Wednesday 19 September 2012

The simplest chat ever... just got simpler

In my last post I described a simple chat implementation using the SignalR framework. At the time of writing it I thought it’s really as simple and clean as it can get. However, my work colleague Lukasz Budnik proved me wrong by suggesting a simpler solution that they used while creating portal. He suggested replacing my server side components with a cloud hosted push notifications provider.

I admit I was thinking in a more traditional way, where all application components are hosted in-house, on servers owned by our company or our clients. Nowadays, it’s often a better idea to use exiting cloud hosted solutions than implementing some system components by ourselves. I definitely recommend considering this option if you have no important blockers preventing you from using SaaS solutions (e.g. like legal issues related to sending some data to third parties). Advantages that come with cloud are topic for another discussion though.

Let’s have a look how our chat application changes with this new approach. First of all, we need to choose a push provider. And yet again - Lukasz to the rescue with his latest post, describing various SaaS solutions. I decided to go with the PubNub, as its documentation already contains a chat example. So it’s a no-brainer, really.

The entire solution is now enclosed within a single html file. As mentioned at the beginning you don’t need to write any server code. The additional benefit is easier development and testing, as you don’t even need a web server, just your regular web browser.

The html file looks as follows. Please note that the html components are exactly the same as in my previous solution. In addition, PubNub allows you to bind events to DOM elements, so we don’t need jQuery in this example.

<label for="nick">Your chat nickname:</label>
<input id="nick" name="nick" type="text" />
<label for="message">Message:</label>
<input id="message" maxlength="100" name="message" type="text" />
<div id="chatWindow"></div>

<div pub-key="MY_PUBLISHER_KEY" sub-key="MY_SUBSCRIBER_KEY" ssl="off" origin="" id="pubnub"></div>    
<script src=""></script>
<script type="text/javascript"></script>

<script type="text/javascript">
(function () {
    // declare some vars first
    var chatWin = PUBNUB.$('chatWindow'),
        nick = PUBNUB.$('nick'),
        input = PUBNUB.$('message'),
        channel = 'chat';

    // subscribe to chat channel and define a method for handling incoming messages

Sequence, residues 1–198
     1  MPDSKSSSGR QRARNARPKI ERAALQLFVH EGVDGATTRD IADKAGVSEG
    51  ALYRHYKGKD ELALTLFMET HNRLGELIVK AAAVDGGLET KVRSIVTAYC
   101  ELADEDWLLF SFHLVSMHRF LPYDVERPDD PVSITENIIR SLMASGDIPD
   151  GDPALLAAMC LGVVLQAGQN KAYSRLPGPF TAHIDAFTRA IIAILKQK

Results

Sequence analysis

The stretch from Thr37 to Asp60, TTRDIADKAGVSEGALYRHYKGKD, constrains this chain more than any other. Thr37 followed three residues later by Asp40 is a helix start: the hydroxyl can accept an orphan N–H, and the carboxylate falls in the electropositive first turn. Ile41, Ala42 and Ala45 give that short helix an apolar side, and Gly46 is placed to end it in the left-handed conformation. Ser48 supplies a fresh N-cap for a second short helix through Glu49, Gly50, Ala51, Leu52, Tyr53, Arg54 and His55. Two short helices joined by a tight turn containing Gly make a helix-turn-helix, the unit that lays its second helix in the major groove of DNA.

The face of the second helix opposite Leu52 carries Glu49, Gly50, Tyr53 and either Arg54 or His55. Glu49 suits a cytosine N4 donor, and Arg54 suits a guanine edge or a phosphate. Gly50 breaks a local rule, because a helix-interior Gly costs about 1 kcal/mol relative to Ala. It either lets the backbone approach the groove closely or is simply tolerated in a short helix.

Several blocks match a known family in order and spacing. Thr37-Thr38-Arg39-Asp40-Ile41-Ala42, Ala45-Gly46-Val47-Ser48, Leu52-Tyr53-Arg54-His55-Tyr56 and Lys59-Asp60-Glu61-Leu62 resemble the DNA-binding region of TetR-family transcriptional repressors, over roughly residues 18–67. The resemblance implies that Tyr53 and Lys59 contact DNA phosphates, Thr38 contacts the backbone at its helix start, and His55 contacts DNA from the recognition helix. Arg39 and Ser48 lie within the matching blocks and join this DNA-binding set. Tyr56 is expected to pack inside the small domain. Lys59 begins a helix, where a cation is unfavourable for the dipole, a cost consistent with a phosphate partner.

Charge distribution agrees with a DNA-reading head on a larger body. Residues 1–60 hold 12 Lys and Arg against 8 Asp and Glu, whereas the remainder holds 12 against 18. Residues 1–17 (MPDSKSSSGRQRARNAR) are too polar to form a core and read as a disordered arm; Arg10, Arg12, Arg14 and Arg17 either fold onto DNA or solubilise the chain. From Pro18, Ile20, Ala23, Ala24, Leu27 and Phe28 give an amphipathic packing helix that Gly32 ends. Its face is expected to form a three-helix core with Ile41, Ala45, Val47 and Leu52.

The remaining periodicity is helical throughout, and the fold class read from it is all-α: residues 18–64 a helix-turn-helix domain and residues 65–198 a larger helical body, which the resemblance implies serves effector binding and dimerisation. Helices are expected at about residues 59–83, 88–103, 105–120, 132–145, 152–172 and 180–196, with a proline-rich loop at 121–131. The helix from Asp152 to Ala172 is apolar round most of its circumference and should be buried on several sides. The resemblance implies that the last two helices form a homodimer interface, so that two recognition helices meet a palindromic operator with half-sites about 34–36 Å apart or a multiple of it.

channel: channel,
          callback: function (message) {
              chatWin.innerHTML = chatWin.innerHTML + message;

     // submit message to channel when Enter key is pressed
     PUBNUB.bind('keyup', input, function (e) {
         if ((e.keyCode || e.charCode) === 13) {
                 channel: channel,
                 message: nick.value + ': ' + input.value

Thursday 13 September 2012

The simplest chat ever with SignalR (and Asp.Net MVC)

Lately I was investigating some technologies for my current project and at some point I was advised to check out the SignalR library. I admit I’ve never heard about it before (shame on me). It was mentioned to me in the context of asynchronous web applications, with the main example being a web chat. Hmm, an interesting exercise I thought! Plus it should give me the general framework understanding. Let’s do it!

It was only later that I realised the chat implementation is the most common example for SignalR usage that you can find on the Web. One more can hurt though, so here is my version :)


In short, the app works in the following way: people can visit a single chat url and they join our chat automatically. This mean they will see all the messages posted to the chat since they have joined it. They can also post messages that will be seen by other chat members.

I’ve built it as part of a sample MVC4 application, although this could probably be any Asp.Net page, as I’m not using any MVC functionality at all. Two most important parts of this app are the view and the hub. The view displays chat components and handles user actions (i.e. sending messages to the hub). The hub listens for messages and publishes them to all connected clients.

The code

You will need to downlaod the SignalR library for the following code to work. The easiest way to do that is by searching for 'SignalR' in your Nuget package manager.

So I have my Chat controller, which is only used to display the view. As you can see it’s doing nothing else, so the view could probably be a static html page instead:

public class ChatController : Controller
    public ActionResult Index()
        return View();

It’s a web chat, so we need some input fields for nickname & message. We also need an area for displaying our conversation. All these belong naturally to our view:

Now that we have basic visual components, let’s make them work. Firstly, we need to reference jQuery & SignalR libraries. I have those defined as bundles in my MVC app, but you can reference all files directly:

Notice the third reference - we reference a script, that doesn’t physically exist. SignalR will handle that script request, generating in response javascript code allowing us to communicate with the chat hub. The /signalr part of the uri is configurable.